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The Manhattan Skyline at night

The Brooklyn and Manhattan Bridges

The Staten Island Ferry and Downtown Manhattan

The lake in Central Park

New York shopping

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Tourists and taxis meet in traffic

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Why New York?

 

 Features:

 

  • Historic landmarks
  • Business capital
  • Cultural attractions
  • Shopping
  • Five boroughs
  • Great restaurants
  • Subway system
  • Being a New Yorker

The numbers keep getting better for New York as the city ranks number 3 overall in visitor count, following Paris and London, with a total of 9.7 million tourists in 2010.


Why New York? To many people outside the United States, New York is America—the place where dreams come true, a city of architectural splendor, cultural importance, historic events, and commerce leadership. It’s the global headquarters of finance, media, fashion, retail and trade. It’s the city you’ve seen in hundreds of movies, countless TV shows, and in the headlines of your daily newspaper. It’s the home of the Empire State Building, the New York Yankees, Wall Street, Macy’s and Coney Island. (For many Americans outside New York, the perception is very different; they see themselves as America and New York City as an entity unto itself with strange people, customs, and ways of life. But inevitably they come here too for the same reason as international travelers—because it’s New York City.)

What many people think of as New York City is actually the island of Manhattan. That’s just one of five boroughs the city is divided into, the one with all the skyscrapers and theaters and museums and taxi cabs. So don’t feel bad if you made that mistake—even residents of the other boroughs generally refer to Manhattan as “the city.” But for a full New York experience, visitors should be sure to venture off the island for a historic tour of Brooklyn, a day at the Bronx Zoo, or the ethnic cuisine of Queens. And a free trip on the Staten Island Ferry should be part of every itinerary!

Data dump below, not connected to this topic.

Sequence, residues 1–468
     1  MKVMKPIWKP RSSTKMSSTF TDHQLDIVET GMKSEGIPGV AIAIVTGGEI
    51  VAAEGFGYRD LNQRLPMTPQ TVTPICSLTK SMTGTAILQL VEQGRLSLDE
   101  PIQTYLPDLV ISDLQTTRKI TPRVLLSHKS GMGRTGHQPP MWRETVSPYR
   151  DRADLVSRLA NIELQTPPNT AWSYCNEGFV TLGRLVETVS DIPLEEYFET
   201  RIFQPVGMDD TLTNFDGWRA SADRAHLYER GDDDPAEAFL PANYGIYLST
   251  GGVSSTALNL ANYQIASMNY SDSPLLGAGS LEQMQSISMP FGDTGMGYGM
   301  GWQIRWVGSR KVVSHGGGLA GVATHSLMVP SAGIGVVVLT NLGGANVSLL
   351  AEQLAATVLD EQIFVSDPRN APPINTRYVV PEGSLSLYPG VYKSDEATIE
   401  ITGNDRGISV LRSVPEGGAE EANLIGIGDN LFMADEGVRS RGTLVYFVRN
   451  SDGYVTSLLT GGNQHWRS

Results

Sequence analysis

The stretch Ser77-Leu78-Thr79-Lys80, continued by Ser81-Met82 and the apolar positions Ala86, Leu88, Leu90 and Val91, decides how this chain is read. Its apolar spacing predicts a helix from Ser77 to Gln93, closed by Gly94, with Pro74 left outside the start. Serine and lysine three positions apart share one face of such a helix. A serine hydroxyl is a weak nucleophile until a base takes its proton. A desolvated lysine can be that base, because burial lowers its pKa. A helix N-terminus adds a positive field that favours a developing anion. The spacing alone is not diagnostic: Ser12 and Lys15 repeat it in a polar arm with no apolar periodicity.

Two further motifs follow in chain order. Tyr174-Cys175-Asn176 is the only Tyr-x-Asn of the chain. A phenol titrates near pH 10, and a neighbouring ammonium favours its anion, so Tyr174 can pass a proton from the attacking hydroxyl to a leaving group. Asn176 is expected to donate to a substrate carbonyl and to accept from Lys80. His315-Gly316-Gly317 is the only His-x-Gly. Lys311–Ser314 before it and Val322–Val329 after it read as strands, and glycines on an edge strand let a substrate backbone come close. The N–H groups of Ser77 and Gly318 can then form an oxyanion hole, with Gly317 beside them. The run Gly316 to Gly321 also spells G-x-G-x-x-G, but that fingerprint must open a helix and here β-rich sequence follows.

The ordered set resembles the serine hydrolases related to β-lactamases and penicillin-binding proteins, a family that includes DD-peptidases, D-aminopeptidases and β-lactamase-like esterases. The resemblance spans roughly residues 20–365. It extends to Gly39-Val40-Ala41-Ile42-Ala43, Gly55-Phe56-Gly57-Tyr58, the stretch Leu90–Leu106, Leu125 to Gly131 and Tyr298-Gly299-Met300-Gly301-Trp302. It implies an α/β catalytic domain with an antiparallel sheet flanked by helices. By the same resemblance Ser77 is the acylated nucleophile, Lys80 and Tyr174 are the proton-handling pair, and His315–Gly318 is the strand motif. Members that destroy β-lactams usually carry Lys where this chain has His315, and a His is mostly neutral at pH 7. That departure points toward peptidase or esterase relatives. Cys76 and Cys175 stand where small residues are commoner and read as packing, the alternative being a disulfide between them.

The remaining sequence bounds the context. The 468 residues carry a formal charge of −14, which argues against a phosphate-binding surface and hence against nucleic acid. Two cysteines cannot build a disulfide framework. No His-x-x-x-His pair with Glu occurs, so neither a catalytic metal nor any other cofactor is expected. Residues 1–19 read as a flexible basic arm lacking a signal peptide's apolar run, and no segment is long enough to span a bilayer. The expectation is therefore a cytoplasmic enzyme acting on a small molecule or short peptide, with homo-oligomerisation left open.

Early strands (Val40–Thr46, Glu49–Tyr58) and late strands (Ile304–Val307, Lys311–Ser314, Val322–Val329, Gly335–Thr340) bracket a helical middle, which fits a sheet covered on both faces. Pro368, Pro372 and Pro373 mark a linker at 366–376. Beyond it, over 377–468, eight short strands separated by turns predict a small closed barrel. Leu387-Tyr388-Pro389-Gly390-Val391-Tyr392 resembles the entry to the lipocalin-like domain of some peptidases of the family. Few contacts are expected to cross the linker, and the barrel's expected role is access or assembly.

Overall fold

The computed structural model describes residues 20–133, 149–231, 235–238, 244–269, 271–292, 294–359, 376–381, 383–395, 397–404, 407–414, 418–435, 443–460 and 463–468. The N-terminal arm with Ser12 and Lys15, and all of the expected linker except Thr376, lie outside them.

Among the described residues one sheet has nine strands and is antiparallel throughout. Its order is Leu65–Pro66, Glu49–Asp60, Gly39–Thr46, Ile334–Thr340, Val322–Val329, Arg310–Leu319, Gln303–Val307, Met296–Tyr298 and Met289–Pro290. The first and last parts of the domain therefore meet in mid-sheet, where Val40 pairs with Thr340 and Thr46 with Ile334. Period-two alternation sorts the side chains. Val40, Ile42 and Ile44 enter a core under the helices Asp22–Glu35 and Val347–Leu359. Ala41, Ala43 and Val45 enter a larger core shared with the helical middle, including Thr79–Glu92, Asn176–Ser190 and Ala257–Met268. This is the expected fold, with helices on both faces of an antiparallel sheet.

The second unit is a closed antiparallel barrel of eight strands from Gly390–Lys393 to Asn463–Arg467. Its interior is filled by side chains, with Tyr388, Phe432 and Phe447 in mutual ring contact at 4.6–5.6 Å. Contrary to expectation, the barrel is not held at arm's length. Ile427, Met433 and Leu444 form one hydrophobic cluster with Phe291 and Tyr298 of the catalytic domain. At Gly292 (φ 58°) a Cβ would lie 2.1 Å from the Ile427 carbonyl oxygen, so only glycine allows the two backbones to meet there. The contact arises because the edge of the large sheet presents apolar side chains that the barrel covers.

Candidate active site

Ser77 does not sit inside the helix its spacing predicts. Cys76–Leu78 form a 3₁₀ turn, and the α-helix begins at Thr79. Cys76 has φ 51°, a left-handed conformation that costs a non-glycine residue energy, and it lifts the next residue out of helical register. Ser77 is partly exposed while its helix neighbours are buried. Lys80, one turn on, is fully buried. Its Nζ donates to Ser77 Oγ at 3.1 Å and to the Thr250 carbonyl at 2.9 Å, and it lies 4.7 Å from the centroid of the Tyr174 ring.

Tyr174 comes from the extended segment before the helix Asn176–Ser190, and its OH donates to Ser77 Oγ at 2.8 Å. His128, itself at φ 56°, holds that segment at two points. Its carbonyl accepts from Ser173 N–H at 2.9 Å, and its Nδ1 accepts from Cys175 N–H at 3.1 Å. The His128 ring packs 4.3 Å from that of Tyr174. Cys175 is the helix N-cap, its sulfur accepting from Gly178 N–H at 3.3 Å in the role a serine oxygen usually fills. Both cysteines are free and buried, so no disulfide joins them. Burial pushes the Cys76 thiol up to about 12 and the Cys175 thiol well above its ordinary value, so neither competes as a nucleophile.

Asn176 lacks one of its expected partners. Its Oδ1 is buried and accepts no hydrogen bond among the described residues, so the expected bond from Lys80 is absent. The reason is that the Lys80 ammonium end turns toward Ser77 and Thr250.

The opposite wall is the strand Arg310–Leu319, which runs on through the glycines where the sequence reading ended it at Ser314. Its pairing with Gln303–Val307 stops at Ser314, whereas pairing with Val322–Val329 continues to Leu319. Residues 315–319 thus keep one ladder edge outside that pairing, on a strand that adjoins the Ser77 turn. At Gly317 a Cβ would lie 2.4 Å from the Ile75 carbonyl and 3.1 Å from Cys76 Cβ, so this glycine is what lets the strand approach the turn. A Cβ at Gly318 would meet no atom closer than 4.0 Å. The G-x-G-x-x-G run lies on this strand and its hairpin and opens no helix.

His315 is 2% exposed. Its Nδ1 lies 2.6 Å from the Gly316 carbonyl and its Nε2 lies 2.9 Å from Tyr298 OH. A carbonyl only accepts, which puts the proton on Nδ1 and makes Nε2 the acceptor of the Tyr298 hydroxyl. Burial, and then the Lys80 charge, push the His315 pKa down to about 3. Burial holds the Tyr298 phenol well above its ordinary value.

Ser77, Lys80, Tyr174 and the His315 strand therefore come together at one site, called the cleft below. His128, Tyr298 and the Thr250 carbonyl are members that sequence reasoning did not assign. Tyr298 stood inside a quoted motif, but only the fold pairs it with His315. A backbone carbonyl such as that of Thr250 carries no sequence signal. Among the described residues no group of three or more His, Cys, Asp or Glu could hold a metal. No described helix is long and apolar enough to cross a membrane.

By the numbers

 

Tourism is New York City's fifth-largest industry—it contributed about $31 billion in direct spending to the economy in 2010, when a record 48.7 million people visited. New York saw a 7 percent increase in visitors over 2009, when there were 45.6 million. Officials said 39 million visitors were from the U.S. and 9.7 million were from abroad; both numbers are records.

New York may be the only city where the world comes to experience life as a resident. The thrill of New York is in being a New Yorker, even for a short time. Tourists ride subways alongside commuters, discover great restaurants purely by chance, bargain at outdoor markets, wait on the TKTS line for same-day theater tickets and learn in a hurry how to navigate the sidewalks so as not to slow down that famous New York fast pace. One trip to New York and you’ll be amazed that for the rest of your life, you will be saying things like, “You know, when I was in New York...” or “Do you know how they do that in New York?” One visit stays with you for a lifetime. This website is designed to help make your visit the trip of a lifetime.